Entries in probation officer (2)


Minnesota Boy Turns in Mom for Pot Stash

David McNew/Getty Images(HASTINGS, Minn.) -- A probation supervisor may soon be answering to one of her own after her 11-year-old son got fed up with smelling marijuana in the home he shared with his mother and stepfather and told on the pair to authorities.

A Hastings, Minn., boy snapped a picture that showed about two pounds worth of high-grade marijuana sitting on his mother and stepfather's dresser, according to police.

The preteen, who police did not identify, reportedly confronted his mother, Heidi Christine Siebenaler, who is a Dakota County probation supervisor, about the smell, which he told police was so pungent he "was unable to escape [it] without going outside."

Siebenaler allegedly told her son that marijuana use is "not that bad," a criminal complaint stated.

The boy, who police called "mature for his age," forwarded the picture to his biological father, who turned it over to authorities.

The boy's stepfather, Mark Siebenaler, is being charged with possession and intent to distribute marijuana, while Heidi Siebenaler is being charged with fifth-degree possession.

The case was turned over to Washington County since Heidi Siebenaler's employment with Dakota County, where she resides, would constitute a conflict of interest, a spokesman from the Dakota County Sheriff's Office said.

Mark Siebenaler doesn't dispute that the marijuana belongs to him. He told police he smokes it for medicinal purposes, despite the fact that medical marijuana is not legal in Minnesota.

"I smoke marijuana and I'm not ashamed to say it," Siebenaler told KMSP-TV.

According to the complaint, he told police his wife knew of the marijuana in the home. However, Heidi Siebenaler denied knowing about the marijuana in an interview with KMSP-TV Tuesday.

"They said my son couldn't escape the smell of marijuana and had to go outside for a breather," Heidi Siebenaler said. "That's not true. I live in this house. Never smelled it before. It makes me sick."

Siebenaler was placed on administrative leave on Nov. 2. called a listed number for the Siebenalers, but was unable to reach anyone.

Copyright 2011 ABC News Radio


Meet the Probation Officer Who Confirmed Early Termination of Phillip Garrido's Parole

El Dorado County Sheriff's Office/Getty Images(NOVATO, Calif.) -- They are words of courtesy and encouragement that have come back to haunt Mark Messner: "I hope that you will continue to do well. If there is anything we can help you with in the future, do not hesitate to contact our office."

Messner, a senior U.S. probation officer who works for the California's northern district probation office, included those sentences in a May 17, 1999 letter to Phillip Garrido, the man later convicted of kidnapping, raping and holding Jaycee Dugard captive for 18 years.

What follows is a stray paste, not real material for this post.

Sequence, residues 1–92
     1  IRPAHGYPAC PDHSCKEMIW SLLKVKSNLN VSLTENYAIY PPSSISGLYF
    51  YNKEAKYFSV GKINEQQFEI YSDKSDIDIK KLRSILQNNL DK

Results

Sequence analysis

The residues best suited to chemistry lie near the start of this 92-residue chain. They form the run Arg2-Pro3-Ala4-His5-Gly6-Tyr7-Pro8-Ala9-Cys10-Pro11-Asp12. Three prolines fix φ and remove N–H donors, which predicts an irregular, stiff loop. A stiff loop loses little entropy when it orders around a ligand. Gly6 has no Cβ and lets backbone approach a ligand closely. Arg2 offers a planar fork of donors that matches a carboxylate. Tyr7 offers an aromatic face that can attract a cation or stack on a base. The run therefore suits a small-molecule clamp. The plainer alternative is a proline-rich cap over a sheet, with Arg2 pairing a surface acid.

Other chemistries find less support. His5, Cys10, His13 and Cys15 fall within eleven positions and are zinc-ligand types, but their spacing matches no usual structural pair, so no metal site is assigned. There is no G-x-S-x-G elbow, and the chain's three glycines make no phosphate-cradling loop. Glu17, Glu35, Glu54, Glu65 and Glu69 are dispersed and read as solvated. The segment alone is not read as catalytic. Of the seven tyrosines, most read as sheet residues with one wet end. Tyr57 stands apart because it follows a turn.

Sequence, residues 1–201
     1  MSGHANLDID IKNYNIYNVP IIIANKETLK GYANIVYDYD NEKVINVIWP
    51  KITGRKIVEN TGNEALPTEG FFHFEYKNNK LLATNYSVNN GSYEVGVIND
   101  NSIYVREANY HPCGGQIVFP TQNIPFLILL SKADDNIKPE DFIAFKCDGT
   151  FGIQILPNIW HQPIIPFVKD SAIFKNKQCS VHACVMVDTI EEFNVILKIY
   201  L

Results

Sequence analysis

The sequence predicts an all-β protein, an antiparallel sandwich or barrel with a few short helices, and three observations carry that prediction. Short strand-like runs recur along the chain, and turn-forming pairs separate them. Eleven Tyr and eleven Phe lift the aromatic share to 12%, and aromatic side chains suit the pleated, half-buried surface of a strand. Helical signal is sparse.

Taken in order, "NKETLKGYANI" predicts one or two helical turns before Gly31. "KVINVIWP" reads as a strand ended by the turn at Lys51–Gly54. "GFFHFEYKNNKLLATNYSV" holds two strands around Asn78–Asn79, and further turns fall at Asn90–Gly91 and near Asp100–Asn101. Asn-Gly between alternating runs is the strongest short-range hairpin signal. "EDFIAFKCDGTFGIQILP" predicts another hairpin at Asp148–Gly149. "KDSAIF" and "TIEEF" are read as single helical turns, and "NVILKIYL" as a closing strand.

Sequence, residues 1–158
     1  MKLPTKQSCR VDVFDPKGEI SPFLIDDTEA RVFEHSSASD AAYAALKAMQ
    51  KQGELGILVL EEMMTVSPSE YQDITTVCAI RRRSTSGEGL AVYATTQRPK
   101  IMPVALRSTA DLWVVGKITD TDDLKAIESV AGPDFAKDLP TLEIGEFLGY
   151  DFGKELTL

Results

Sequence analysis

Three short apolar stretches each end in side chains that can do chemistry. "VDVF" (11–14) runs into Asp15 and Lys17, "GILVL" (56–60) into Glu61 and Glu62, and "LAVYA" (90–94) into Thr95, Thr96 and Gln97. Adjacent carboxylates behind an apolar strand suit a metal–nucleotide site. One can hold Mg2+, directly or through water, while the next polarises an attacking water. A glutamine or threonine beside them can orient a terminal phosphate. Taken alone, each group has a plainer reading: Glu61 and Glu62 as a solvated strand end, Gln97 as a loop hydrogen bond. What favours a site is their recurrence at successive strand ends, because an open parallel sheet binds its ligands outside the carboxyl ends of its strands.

Garrido had kidnapped Dugard in 1991, when she was 11 years old, and went on to father two children with her. At the time of the kidnapping, Garrido had already had a violent sexual history. In 1977, he kidnapped and raped a woman named Katie Callaway Hall in Nevada.

For that crime, Garrido received a 50-year federal sentence. But he would see only 11 years of jail time before the federal government paroled Garrido and then released him to authorities in Nevada, where he briefly served a state prison sentence for his rape of Hall. After serving that sentence, he moved to California and served the remainder of his federal parole term.

Messner was one of the federal probation officers assigned to supervise Garrido's parole between January 1988 and March 1999, when the U.S. probation service decided to terminate Garrido's federal parole, leaving his supervision up to state authorities.

In his 1999 letter, Messner confirmed Garrido's "early termination" from federal parole and thanked him for his "cooperation."

Authorities in Nevada briefly took over supervision of his parole in 1999 before the responsibility was transferred to the California Department of Corrections and Rehabilitation under the terms of an interstate parole compact. Like officers with the U.S. Parole Commission, California Department of Corrections and Rehabilitation parole officers also went years without discovering Garrido's latest crimes.

ABC News called Messner and asked him to talk to us about why the federal parole service failed to detect Jaycee Dugard and her children living at Garido's house. Both Messner and his supervisor said the U.S. Parole Commission had prohibited them from discussing the case.

"20/20" anchor Chris Cuomo caught up with Messner as he was returning to his home in Novato, Calif. Cuomo tried to ask him about the Garrido case, but Messner refused to get out of his car and drove off.

Copyright 2011 ABC News Radio

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